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Sledgehammers ring in librarys new era

Rebuilt Shute Park facility expected to open in March


If you can’t fix it with a hammer, it can’t be fixed. That old saying rings true in the case of the Hillsboro Public Library’s Shute Park branch at 775 S.E. 10th Ave., which is now closed to the public for major renovations.

On May 17, a number of Hillsboro dignitaries — including Mayor Jerry Willey and Hillsboro Library Director Mike Smith — lined up with golden sledgehammers in hand for a brief ceremony. With Willey leading the way, they dutifully smashed into one of the walls slated to be demolished to make way for what will be an almost completely rebuilt library.by: HILLSBORO TRIBUNE PHOTO: DOUG BURKHARDT - Looks like asbestos, Mayor Jerry Willey jokes with the crowd after taking a ceremonial first swing with a golden sledgehammer at Hillsboros Shute Park Library last Friday. The library is being almost completely rebuilt in a project that will keep the facility closed until March 2014.

The 15,000 square foot Shute Park library, built in 1975, has long been regarded as the city of Hillsboro’s “least efficient” building, and this renovation project will change all that. The building will get new windows, a new roof, new plumbing and electrical systems, new hearting and cooling technology, retrofitting of the entire building for better earthquake survivability, and the entrance will be moved from the south side of the building to the west side.

The library was officially closed to the public on May 11, and the contractor — Howard S. Wright Co. — expects to complete the reconstruction in March 2014.

While the library is closed, patrons will be diverted to the Hillsboro Main Library, at 2850 N.E. Brookwood Parkway, or to the bookmobile that will be stationed adjacent to the Shute Park location. The bookmobile will be in service Tuesdays through Saturdays from 11 a.m. to 4 p.m.

Mayor Willey appeared to be having a lot of fun taking a sledge to one of the interior walls. After he took his first swing and knocked open a big hole, Willey paused to take a look at the debris spilling out.

“Uh-oh! Looks like asbestos!” he joked.

“Do you have your construction permits?” someone in the crowd of onlookers called out.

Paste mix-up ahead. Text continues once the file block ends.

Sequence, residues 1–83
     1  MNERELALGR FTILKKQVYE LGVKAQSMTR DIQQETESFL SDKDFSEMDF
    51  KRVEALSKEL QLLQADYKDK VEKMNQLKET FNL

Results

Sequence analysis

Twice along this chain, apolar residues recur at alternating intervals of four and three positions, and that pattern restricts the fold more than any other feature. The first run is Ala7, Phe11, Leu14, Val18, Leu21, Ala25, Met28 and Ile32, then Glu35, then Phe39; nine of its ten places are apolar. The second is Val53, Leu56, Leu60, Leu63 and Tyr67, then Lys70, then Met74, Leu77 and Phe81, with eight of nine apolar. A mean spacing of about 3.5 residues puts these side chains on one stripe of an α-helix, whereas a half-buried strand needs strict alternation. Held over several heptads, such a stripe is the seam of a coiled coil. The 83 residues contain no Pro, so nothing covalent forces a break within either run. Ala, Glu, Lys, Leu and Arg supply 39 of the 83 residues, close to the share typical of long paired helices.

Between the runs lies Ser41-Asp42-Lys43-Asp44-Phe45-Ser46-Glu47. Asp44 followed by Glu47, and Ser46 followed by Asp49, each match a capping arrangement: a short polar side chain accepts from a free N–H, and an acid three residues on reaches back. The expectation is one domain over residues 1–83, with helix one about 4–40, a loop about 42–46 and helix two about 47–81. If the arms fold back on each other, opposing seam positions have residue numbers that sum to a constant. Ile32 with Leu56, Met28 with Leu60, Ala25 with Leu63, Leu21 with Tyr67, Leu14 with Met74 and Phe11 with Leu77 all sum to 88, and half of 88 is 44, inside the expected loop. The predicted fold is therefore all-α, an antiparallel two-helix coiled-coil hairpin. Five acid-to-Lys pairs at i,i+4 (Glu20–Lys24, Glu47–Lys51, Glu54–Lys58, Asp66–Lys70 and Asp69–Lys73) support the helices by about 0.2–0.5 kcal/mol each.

Willey played along, not missing a beat.

“This is Hillsboro! We don’t need no permits!” he shouted as he took another swing with his golden sledge.

Willey also took notice of library director Smith’s enthusiasm with the sledgehammer, as Smith gave the wall several good shots.

“He’s ready to take it down all at once,” said Willey.

Others taking the first ceremonial swings with their sledgehammers reflected on the milestone of seeing the aging building about to be reborn.

“This event has been a long time coming, and it’s long overdue,” said Aron Carleson, president of the Hillsboro City Council.

Deborah Clarke, chairman of the Hillsboro Library Board, pointed out that there was some unintended symbolism in the timing of the Shute Park library’s planned reopening.

“The fact it will open in 2014 will celebrate 100 years of library history in Hillsboro,” Clarke explained, noting that the Carnegie Library — the first library in Hillsboro — opened at the corner of Lincoln Street and Second Avenue in 1914.

Smith said he was pleased to know the rebuilt library will be much more practical and efficient than the existing facility.

“It’ll be great for the city and the patrons to have a new space for the library and keep up with the times,” said Smith. “This has been talked about a long time. It’ll be worth it in the end.”




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  • 18 Apr 2014

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